A sample text widget

Etiam pulvinar consectetur dolor sed malesuada. Ut convallis euismod dolor nec pretium. Nunc ut tristique massa.

Nam sodales mi vitae dolor ullamcorper et vulputate enim accumsan. Morbi orci magna, tincidunt vitae molestie nec, molestie at mi. Nulla nulla lorem, suscipit in posuere in, interdum non magna.

The lifting of the heavy things

Back to the usual grind today; there’s still a ton of snow on the ground, so I won’t be doing any exercising outside, but I’m back in the office today so I can go for a stationary bike ride in the office gym. This is probably a good opportunity to test my heart rate on the stationary bike again, since it’s oddly very different than it is on my road bike.

Yesterday was a pretty decent day; I lost track of calories again, but stayed away from truly horrible foods, and since it was a weight training day I don’t feel too bad about getting some extra carbs in. We had a large pile of basil laying around (long story), so Monday night we had made a big pile of pesto with it, and yesterday I seasoned some pork chops, slathered the pesto on, and broiled them to medium. Delicious; doubly so with some extra pesto on top of roasted spaghetti squash. Other than that, I ate leftover baked chicken for lunch, a banana, probably a few too many pieces of bread and chips dipped into the pesto, and a bowl of cereal not long before bed. All in all a pretty low-fat, high protein, high carb day, which is perfect for after lifting weights. (I’ll explain why at some later date, I’m sure.)

The weight training program I’m following now is a low-volume version of the one I’ve been doing for the last few months (and having great success with): the GZCL method, invented by an amateur but very competitive powerlifter. It’s a good bit more volume than I had been doing in the past, but I think I’ve reached a point where in order for my old-ass muscles to actually grow, I have to hit them super-hard and eat a lot, which is what I did for about the last 3 months. Hopefully I added a bit of muscle along with the fat, and hopefully I can keep the muscle while I lose the fat.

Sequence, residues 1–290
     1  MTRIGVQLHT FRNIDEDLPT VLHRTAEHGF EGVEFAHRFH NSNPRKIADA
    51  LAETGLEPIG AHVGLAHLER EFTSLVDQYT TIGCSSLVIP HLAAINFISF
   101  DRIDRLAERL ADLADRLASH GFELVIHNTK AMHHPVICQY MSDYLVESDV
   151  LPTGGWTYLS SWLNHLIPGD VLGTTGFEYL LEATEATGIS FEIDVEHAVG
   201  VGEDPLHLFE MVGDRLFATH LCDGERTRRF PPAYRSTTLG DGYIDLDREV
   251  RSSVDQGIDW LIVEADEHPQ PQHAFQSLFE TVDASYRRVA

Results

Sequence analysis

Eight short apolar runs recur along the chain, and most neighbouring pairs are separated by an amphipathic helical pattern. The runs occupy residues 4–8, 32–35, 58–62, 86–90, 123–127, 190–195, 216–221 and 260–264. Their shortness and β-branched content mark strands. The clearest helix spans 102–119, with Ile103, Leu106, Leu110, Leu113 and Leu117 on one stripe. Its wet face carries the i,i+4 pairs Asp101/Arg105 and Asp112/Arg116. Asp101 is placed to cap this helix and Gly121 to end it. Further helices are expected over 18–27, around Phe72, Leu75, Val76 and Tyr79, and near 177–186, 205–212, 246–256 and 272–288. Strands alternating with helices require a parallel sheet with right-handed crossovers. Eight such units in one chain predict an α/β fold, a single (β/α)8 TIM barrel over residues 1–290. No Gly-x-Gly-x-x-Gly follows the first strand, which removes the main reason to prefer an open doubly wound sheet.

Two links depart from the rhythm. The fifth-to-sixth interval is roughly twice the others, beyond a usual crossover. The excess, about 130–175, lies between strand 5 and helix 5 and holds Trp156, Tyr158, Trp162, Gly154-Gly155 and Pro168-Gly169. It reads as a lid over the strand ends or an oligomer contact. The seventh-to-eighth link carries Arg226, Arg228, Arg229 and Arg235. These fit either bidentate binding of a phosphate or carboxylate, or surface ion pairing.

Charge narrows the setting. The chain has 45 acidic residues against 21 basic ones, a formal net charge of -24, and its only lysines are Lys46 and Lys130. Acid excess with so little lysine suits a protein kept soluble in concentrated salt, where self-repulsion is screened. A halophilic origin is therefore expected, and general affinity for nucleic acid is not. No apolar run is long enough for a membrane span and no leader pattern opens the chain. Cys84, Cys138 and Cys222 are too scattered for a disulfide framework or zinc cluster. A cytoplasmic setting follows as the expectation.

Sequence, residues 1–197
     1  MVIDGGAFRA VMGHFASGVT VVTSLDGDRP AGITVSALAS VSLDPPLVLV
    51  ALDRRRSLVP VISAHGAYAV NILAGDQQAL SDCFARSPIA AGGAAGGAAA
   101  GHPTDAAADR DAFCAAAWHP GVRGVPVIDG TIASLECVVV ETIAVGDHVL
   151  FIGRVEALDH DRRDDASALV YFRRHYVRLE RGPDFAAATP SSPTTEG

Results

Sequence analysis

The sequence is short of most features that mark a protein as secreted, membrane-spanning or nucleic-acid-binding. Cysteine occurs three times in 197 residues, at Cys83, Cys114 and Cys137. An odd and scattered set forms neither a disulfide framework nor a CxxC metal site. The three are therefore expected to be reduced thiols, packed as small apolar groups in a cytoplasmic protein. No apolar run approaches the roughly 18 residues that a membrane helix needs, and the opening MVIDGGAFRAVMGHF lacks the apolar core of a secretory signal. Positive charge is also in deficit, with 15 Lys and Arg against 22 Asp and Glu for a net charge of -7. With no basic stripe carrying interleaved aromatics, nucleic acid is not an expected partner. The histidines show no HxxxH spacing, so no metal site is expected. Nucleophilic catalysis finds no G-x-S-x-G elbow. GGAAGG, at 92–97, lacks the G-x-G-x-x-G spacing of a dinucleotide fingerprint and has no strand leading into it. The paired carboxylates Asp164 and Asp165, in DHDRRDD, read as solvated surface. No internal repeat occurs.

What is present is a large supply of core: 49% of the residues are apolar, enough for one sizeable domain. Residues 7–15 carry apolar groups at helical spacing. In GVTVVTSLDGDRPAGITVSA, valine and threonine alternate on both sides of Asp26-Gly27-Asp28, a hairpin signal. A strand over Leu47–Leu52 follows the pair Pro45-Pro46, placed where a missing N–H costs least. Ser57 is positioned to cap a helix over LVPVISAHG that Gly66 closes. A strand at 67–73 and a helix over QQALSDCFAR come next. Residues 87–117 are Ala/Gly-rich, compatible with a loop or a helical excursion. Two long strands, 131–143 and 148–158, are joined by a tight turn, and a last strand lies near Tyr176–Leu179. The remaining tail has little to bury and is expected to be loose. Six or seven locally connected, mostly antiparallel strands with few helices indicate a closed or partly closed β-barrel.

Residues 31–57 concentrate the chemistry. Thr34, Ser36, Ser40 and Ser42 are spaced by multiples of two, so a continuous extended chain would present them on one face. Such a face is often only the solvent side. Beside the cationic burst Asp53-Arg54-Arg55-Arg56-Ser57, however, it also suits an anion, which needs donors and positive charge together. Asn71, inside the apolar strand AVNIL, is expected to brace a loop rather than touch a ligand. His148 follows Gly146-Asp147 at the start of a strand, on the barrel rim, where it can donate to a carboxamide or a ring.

Essentially the GZCL method has you program exercises in a variety of rep and weight ranges, taking advantage of the different responses your body has to different stimuli. For decades, a traditional “bodybuilding” split has involved high reps (8-12 reps in 2 or 3 sets) and medium weights, and a “strength” split has involved low reps (1-5 reps in 5+ sets) of high weights. I believe that a good routine will involve both: you increase your strength with high weight stuff, and then you exhaust the muscle with lower weights to stimulate hypertrophy. That’s what GZCL does: you do 10-15 total reps (broken up into small sets, obviously) at greater than 85% of your max (Tier 1), and then you do 20-30 reps at 65-85% of your max (Tier 2), and then you do 30+ total reps at below 65% of max (Tier 3). Tier 1 is one of the big compound movements (Bench press, squat, overhead press, deadlift); Tier 2 is one or two exercises that support the movement from Tier 1; Tier 3 is 2 or more exercises, also to support the Tier 1 movement. As originally programmed, you do one movements and the accessory tiers per day, training 4 days a week.

Something that I like to do is switch around accessory work from one area to another, as long as lower body stays with lower body and upper stays with upper. So on bench press day, I might do 5 sets of 3 reps at 85% of my max (that’s Tier 1), but then I might do overhead press, 4×8 at 65%, supersetted with chin-ups (the OHP Tier 2; I’ll do the bench Tier 2 on “OHP day”). Then I’ll do incline bench and rows, 4×12 or 3×15, using a weight that allows me to complete each set with 1 or 2 reps left in the tank.

The problem that I had is that, right now, I can only find time to lift twice a week. Luckily, I’m also a big fan of full-body training over any kind of split, so I would double things up: bench press, then deadlift, then OHP accessory, then some squatting, then some Tier 3 upper body stuff, and then a bunch of core work (usually leg raises and romanian deadlifts). The problems with this are 1) it’s super exhausting, and 2) it takes forever. My workouts were routinely over 90 minutes, sometimes even pushing two hours, and I had a lot of issues with nagging injuries because my form on some exercises got bad because I was so tired.

Since I’m cutting fat and not trying to add muscle for the next 5 months, it doesn’t make much sense for me to have all that extra volume. So what I’m doing for the foreseeable future is to keep doing 2 full-body workouts a week, but giving myself a hard time cutoff of one hour. If all I get into that hour is Tier 1 stuff, so be it. If I get through the Tier 1 stuff in 35 minutes and have some time, I’ll move on to Tier 2. I don’t see ever really getting to Tier 3, but I’ll also be doing bodyweight stuff every day of the week so I’m not crazy concerned. I’ll have done the bulk of the necessary stimulus to maintain muscle (as long as I get a ton of protein), and I won’t be overworking and risking injury. Yesterday was Bench and Deadlift, and I did only Tier 1. This didn’t bother me too much because I knew I’d also be getting in my 30 chins and pushups, plus some plank work, but my workout was barely over 50 minutes, including a 5 minute warmup. I’m sore today, but that’s mostly because I’d taken 2 weeks off from lifting because of illness.

Yesterday’s workout: Bench (5×3 @ 210lbs), Deadlift (5×3 @ 340lbs), 30 chins, 30 pushups, 60s plank
Today’s weight: 233 (+2 pounds, probably because I weighed myself in jeans, and yesterday was a carby workout day, which always leads to water retention)

Leave a Reply

You can use these HTML tags

<a href="" title=""> <abbr title=""> <acronym title=""> <b> <blockquote cite=""> <cite> <code> <del datetime=""> <em> <i> <q cite=""> <s> <strike> <strong>